S. African version of COVID better circumvent Pfizer / BioNTech strike: Israeli study



A variant of the coronavirus in South Africa is better at "breaking through" the protection of Pfizer / BioNTech vaccines than other forms of the virus, Israeli experts said on Sunday.


However, one of the authors told AFP that while the study showed the variant to be relatively successful in infecting vaccinated people, it did not provide any data on whether it could generate serious diseases among the vaccines.


A study by Tel Aviv University and Clalit Health Services, Israel's largest healthcare provider, compared 400 unvaccinated people infected with COVID-19 with 400 partially or fully vaccinated people who also had the virus.


The South African version accounts for less than one percent of coronavirus cases in Israel, according to a study published as a draft on Saturday and currently being peer-reviewed.


But, among the 150 people in the study who were fully vaccinated and COVID-19, "the prevalence (of the South African variant) was eight times higher than that of the unvaccinated (individuals)," the study said.


"This means that the Pfizer-BioNTech vaccine, while highly protective, probably does not provide the same level of protection against the South African (B. 1.351) variant of the coronavirus," the study said.


"To some extent, the South African variant is able to break through the protection of the vaccine," says Professor Adi Stern from the School of Biomedicine and Cancer Research at Tel Aviv University, one of the authors of the study.


Stern told AFP Sunday the study did not assess whether fully vaccinated Israelis with the South African variant-eight people in total-had developed serious illnesses.


"Since we found a very small number of vaccines infected with B. 1.351, it is statistically meaningless to report disease outcomes," he said.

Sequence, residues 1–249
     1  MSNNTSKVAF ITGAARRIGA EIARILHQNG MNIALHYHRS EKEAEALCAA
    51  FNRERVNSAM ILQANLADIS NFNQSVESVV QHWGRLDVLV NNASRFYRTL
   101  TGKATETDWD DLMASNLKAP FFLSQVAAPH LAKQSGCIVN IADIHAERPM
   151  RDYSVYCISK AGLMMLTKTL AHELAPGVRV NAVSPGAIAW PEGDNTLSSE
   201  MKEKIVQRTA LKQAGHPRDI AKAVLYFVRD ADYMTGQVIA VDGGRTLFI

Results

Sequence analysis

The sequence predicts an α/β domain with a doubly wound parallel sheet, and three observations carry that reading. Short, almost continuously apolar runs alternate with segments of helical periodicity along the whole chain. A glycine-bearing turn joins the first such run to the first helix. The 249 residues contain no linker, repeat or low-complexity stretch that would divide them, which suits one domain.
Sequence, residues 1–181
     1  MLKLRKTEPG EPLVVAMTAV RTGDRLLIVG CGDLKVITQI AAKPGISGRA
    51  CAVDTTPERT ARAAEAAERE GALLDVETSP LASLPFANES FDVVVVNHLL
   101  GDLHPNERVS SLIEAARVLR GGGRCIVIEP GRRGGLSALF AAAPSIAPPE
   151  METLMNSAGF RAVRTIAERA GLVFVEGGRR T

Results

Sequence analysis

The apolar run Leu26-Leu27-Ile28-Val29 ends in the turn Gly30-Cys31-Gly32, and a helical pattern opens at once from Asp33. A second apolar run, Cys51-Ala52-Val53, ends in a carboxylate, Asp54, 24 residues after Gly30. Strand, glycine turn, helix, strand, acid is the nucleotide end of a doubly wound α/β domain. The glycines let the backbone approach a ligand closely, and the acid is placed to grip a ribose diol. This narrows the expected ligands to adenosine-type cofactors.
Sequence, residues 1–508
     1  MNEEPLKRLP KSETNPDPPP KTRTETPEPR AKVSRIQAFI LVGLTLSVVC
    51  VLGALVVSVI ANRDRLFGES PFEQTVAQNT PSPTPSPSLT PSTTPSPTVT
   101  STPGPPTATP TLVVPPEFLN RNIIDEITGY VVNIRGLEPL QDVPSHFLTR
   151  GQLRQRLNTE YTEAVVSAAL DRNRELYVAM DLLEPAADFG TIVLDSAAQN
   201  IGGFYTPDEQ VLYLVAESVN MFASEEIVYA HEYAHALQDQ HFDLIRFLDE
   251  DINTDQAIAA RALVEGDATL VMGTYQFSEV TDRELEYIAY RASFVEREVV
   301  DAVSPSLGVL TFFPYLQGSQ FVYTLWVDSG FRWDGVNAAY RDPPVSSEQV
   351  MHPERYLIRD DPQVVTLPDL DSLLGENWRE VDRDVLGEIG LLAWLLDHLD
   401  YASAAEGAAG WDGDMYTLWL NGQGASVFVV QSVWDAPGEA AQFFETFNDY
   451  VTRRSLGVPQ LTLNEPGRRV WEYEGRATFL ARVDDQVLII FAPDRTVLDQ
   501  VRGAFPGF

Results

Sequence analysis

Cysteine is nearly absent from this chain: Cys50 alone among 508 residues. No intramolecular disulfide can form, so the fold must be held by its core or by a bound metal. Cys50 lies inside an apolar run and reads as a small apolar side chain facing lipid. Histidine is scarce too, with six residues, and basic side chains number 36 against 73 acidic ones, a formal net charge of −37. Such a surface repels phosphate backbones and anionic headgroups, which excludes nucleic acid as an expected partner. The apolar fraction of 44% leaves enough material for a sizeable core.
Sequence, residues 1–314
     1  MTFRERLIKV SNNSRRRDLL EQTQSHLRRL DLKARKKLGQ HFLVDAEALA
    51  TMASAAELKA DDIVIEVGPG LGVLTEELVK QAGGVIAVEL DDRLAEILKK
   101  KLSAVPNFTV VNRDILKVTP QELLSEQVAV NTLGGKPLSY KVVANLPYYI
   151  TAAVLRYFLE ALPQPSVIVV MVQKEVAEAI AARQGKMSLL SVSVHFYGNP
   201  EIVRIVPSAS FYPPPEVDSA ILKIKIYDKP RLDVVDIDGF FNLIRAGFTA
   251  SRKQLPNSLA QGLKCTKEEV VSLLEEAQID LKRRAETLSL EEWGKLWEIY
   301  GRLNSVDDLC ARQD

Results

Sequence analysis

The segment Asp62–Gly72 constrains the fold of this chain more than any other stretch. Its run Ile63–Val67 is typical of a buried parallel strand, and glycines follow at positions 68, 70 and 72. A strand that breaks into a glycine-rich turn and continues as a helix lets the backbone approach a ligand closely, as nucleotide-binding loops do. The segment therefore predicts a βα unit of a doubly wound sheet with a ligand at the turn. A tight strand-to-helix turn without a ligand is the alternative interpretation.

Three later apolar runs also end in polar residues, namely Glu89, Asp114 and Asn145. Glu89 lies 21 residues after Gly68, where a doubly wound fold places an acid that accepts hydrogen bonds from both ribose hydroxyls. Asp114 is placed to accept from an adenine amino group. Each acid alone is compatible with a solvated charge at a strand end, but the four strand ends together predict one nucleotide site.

Preventive measures


Two studies published in February in the New England Journal of Medicine, conducted by major vaccine manufacturers Pfizer/BioNTech and Moderna, found that the presence of antibodies after vaccination was less pronounced in people exposed to the South African variant, indicating reduced protection.


The Israeli study was the first real assessment of the ability of the South African variant to circumvent the vaccine.



As a result of the Israeli vaccination campaign, 5.3 million people received the first dose, while 4.9 million people, or 53 percent of the population, fired two shots.


An earlier Clalit study of 1.2 million Israelis found that the Pfizer / BioNTech strike gave 94 percent protection against COVID-19.


Since the successful introduction of vaccination, Israel has relaxed many of its restrictions, but various measures are still being taken, including the wearing of masks and the "green passport" system, which provides access to certain places only for the vaccinated.


Ran Baliser of Clalit, one of the study's authors, told AFP the results could help inform states on how best to ease restrictions.


Balicer said vaccinations, as well as mask-wearing and other safety measures still likely helped limit the spread of the South African variant, despite its apparent ability to break through Pfizer / BioNTech vaccines.


A combination of all these factors, " most likely... preventing the spread of virus strains, including South African ones, in Israel, he said.


"As we develop non-ampere measures, we need to do this gradually, so as not to cross the threshold that would allow these options to spread."

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